153-useful in Time-Saving and Educational Resources for Web Designers

Ethics for Web Designers
Robot Regime is dedicated to ethics and Web design, and it discusses what our ethical obligations are — to ourselves, our colleagues and our clients. The site already features some nice pieces, including posts about fair pricing, misrepresenting yourself as a designer and giving clients what they want.

Robotregime in Time-Saving and Educational Resources for Web Designers

Politely Decline Speculative Work
“I won’t do free design work to win your business — here’s why” is a Web page that offers a stock letter you can send to clients explaining why spec work is bad for everyone involved. It’s concise and professional, and it presents clear arguments against spec work, with links to additional information. Plus, you can personalize the letter by adding the recipient’s name to the end of the URL.

Rfp in Time-Saving and Educational Resources for Web Designers

Type Tips
A nice short overview of quick useful tips on all things related to Web typography by Harry Roberts from CSS Wizardry.

160-useful in Time-Saving and Educational Resources for Web Designers

The website brings together lectures, screencasts and conferences from around the world. Both expert and novice developers and designers should be able to find topics of interest, whether it’s CSS and HTML5 or start-ups and creativity. Ontwik is free, and anyone can suggest content for the website; you can even submit your own lectures.

Ontwik1 in Time-Saving and Educational Resources for Web Designers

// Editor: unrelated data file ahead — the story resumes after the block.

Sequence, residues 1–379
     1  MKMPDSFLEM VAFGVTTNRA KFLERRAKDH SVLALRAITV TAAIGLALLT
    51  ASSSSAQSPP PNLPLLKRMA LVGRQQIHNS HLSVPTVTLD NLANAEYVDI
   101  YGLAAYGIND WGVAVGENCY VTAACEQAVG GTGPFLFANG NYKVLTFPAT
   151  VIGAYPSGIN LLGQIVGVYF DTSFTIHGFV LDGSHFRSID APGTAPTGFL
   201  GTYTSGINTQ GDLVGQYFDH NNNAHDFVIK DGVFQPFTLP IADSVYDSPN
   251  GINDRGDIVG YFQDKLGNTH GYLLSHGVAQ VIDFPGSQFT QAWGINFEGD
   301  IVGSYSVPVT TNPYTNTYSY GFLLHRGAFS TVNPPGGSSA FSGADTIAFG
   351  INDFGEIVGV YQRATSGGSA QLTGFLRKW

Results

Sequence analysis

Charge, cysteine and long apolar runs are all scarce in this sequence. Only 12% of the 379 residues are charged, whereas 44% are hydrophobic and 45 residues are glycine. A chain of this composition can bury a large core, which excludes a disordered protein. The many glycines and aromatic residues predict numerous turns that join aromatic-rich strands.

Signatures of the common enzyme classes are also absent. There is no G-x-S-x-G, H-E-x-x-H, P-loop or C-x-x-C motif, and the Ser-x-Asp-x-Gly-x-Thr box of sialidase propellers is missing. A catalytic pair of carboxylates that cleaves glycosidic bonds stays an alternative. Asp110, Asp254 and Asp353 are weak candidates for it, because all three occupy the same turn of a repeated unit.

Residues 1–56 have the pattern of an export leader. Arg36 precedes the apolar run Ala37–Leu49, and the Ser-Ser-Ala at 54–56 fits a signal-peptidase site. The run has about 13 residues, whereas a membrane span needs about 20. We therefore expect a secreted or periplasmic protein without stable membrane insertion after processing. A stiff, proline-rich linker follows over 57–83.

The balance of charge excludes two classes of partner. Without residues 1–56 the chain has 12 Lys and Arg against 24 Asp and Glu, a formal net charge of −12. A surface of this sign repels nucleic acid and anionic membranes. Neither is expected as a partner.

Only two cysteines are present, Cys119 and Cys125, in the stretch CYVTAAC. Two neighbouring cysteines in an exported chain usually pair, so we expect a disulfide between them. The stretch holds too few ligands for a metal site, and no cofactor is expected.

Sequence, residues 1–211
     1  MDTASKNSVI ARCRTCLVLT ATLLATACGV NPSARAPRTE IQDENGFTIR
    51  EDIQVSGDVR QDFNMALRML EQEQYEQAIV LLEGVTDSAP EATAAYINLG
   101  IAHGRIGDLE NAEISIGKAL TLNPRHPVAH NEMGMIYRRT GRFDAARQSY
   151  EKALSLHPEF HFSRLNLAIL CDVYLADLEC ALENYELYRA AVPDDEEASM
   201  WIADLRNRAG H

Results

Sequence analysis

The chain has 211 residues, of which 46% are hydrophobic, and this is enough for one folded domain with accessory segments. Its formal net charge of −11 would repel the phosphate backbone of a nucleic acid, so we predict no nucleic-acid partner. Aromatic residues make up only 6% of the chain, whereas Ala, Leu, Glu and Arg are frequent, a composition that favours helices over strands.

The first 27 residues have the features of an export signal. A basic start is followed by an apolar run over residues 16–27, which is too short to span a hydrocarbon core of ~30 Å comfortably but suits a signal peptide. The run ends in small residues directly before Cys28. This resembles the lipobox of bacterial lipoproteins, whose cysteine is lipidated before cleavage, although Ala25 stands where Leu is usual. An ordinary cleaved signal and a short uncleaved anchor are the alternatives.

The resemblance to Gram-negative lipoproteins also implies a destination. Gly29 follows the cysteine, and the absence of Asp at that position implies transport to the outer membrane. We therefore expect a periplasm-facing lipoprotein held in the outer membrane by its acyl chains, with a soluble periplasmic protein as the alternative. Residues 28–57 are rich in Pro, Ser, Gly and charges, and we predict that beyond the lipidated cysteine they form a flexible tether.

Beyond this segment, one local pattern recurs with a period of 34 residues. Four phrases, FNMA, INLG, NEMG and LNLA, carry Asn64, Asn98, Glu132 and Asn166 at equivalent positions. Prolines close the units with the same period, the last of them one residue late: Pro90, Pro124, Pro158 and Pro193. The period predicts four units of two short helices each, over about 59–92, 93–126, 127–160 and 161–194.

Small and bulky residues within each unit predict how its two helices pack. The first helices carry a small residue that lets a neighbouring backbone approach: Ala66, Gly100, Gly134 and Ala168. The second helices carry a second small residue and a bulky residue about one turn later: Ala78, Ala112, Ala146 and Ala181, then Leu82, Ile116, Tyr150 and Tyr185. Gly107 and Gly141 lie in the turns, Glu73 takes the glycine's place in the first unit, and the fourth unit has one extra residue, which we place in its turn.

Design Moo
“Join together and share valuable free Web design resources.” This could be the slogan of this design community, created and curated by front-end developer Chris Wallace. The project is a network of designers and a high-quality collection of free design resources: fonts, icons, illustrations, patterns, textures and Web layouts. All goodies are tagged for easy navigation, and you can follow new releases on Twitter. You might want to check Boxtuffs and Premium Pixels as well, another websites featuring free high-quality resources.

Designmoo in Time-Saving and Educational Resources for Web Designers

Design Kindle: Free High-Quality Design Files
This site offers a ton of free high-quality design files that you might actually want to use, all without restrictions on personal or commercial use. Everything from design elements to images to full themes is included. Design Kindle doesn’t have a big library of files just yet, but more are sure to be added soon.

Designkindle in Time-Saving and Educational Resources for Web Designers

365psd: A Free PSD Every Day
Every day, this site offers a free PSD file for you to download. These files are almost all design elements that you can use in Web and application designs, including buttons, progress bars, navigation elements and more, and they are well designed. Currently, there are more than 300 days worth of freebies, all tagged, browsable and searchable.

365psd1 in Time-Saving and Educational Resources for Web Designers

Guidelines for Mobile Web App Design
This article presents a comprehensive list of links to official user interface and user experience guidelines from various manufacturers. The guidelines include samples, tips and descriptions of common weaknesses for mobile platforms such as iPhone, iPad, Android, BlackBerry, Symbian, webOS and Mee Go. Many of the guidelines focus on native application development, but they can be applied to design of mobile applications in general, too.

Mee-go in Time-Saving and Educational Resources for Web Designers

List of Freely Available Programming Books
Here is a list of programming books on programming languages or about computers in general with open-source licenses and others. If you’ve been searching for some freely available programming books on the Internet, this list will surely give you some good tips.

159-useful in Time-Saving and Educational Resources for Web Designers

Secure Password Generator